It constitutes a paradox to christen the struggle for union with Greece as a struggle for ‘liberation’. Greece with which we wanted to unite was run by fascist or dictatorial governments from 1936 to 1974 (with the possible exception of the 1963-‘65 period). If Enosis was achieved in 1950, when the Enosis referendum was held, a Cypriot would have been faced with unfortunate surprises.
He would have immediately realised that in Greece there was no freedom of speech, thought, expression and action. He would have also realised that his name would have been entered in police files and if he wanted to become a public servant, an Olympic Airways pilot or a road-sweeper he was obliged to present a ‘suitable’ certificate of social/political beliefs. And he would have been deemed ineligible, as a ‘national traitor’, if he or a relative or a friend of his had left-wing beliefs.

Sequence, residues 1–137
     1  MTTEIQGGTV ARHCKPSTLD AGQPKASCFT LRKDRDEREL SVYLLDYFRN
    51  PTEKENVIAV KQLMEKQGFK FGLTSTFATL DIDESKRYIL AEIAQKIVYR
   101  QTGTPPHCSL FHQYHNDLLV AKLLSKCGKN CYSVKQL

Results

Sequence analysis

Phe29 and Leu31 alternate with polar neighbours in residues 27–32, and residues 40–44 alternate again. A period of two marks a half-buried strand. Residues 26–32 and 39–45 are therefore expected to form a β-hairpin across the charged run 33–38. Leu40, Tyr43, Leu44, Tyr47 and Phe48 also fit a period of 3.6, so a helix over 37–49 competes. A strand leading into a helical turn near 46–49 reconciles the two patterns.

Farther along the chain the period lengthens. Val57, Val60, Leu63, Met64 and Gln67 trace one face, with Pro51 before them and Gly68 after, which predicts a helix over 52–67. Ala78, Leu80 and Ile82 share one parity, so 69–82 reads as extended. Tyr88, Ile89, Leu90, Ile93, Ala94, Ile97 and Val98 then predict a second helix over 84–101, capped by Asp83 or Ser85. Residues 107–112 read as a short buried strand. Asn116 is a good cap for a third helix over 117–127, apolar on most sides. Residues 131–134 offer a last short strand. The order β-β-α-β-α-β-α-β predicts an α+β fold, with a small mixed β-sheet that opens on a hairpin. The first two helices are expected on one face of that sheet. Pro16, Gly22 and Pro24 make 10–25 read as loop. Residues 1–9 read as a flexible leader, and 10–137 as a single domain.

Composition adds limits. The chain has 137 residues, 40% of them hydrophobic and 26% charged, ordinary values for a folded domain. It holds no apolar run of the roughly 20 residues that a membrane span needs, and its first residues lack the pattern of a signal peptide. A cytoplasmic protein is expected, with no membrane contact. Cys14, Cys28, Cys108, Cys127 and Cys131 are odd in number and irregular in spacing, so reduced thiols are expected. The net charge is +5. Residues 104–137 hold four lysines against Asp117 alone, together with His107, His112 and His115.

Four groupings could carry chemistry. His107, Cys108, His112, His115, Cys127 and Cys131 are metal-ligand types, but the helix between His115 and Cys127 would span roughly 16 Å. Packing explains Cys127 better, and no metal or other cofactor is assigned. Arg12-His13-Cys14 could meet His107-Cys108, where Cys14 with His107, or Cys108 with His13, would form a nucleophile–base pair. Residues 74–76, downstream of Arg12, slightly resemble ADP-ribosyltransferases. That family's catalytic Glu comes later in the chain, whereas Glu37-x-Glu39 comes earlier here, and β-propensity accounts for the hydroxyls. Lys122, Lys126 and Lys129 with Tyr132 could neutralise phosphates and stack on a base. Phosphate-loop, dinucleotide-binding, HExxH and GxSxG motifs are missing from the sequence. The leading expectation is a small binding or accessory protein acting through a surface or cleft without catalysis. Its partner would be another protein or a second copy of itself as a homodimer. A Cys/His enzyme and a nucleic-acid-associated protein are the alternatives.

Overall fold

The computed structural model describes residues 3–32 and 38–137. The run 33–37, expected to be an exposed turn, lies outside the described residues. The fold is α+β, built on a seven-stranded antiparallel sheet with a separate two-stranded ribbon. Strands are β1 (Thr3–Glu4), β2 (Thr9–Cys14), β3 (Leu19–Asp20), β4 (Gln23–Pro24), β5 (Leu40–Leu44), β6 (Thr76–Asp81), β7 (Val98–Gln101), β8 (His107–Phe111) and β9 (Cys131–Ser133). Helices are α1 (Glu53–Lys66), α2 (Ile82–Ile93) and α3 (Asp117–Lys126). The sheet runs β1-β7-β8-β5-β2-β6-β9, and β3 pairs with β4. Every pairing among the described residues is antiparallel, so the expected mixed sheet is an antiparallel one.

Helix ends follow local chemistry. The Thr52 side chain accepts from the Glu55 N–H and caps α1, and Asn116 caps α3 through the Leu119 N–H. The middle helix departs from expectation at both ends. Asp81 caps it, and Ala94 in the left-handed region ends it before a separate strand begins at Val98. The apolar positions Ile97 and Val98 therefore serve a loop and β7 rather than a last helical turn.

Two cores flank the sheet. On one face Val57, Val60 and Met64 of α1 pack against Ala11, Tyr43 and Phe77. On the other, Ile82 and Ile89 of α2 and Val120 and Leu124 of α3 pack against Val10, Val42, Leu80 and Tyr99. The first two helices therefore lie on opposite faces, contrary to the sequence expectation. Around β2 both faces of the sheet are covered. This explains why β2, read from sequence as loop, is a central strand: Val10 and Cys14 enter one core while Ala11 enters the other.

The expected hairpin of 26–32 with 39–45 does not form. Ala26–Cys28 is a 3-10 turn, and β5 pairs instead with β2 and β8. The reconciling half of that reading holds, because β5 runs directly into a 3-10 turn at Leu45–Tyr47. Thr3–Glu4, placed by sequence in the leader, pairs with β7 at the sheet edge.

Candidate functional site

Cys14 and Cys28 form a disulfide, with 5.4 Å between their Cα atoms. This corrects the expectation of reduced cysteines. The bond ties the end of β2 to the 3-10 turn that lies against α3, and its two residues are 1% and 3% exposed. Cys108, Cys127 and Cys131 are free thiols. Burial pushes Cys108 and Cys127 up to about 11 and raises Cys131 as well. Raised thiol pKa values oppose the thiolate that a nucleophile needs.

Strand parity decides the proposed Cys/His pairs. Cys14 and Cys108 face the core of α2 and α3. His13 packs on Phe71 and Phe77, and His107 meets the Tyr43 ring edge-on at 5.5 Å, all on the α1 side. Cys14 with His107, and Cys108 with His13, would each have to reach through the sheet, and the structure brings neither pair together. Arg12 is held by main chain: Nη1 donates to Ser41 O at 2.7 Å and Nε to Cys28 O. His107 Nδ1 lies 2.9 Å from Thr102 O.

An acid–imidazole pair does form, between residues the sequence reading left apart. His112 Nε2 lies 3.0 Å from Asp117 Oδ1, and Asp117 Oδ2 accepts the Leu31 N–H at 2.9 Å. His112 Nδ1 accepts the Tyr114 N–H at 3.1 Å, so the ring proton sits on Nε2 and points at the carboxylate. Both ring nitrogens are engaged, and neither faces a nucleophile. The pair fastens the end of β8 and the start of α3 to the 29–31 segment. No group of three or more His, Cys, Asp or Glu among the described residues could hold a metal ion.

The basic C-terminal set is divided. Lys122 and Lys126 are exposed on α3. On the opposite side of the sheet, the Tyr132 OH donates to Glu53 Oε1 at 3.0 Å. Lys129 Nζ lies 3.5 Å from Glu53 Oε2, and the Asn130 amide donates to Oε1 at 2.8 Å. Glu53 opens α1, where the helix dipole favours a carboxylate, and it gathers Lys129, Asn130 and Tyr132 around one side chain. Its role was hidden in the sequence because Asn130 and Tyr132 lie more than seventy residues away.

What would have devastated him would have been the realisation of the existence of a concentration camp – the notorious Makronisos which was the Greek version of Dachau, Auschwitz. There would also have been the nightmare that the Security Force (known as ‘asfalia’ and the equivalent of the SS in Nazi Germany) could knock on his door in the middle of the night in order to arrest him and throw him into Makronisos, where he would run the risk of dying from torture, starvation or thirst.
So how could you see the Enosis movement as a liberation movement in such a context? Are the two notions not a lamentable contradiction which, in the absence of any objections, has been used ad nauseam by politicians, teachers and the media? One of the reasons that EOKA did not enjoy international support was this contradiction – that in the name of freedom it was demanding union with a tyrannical regime.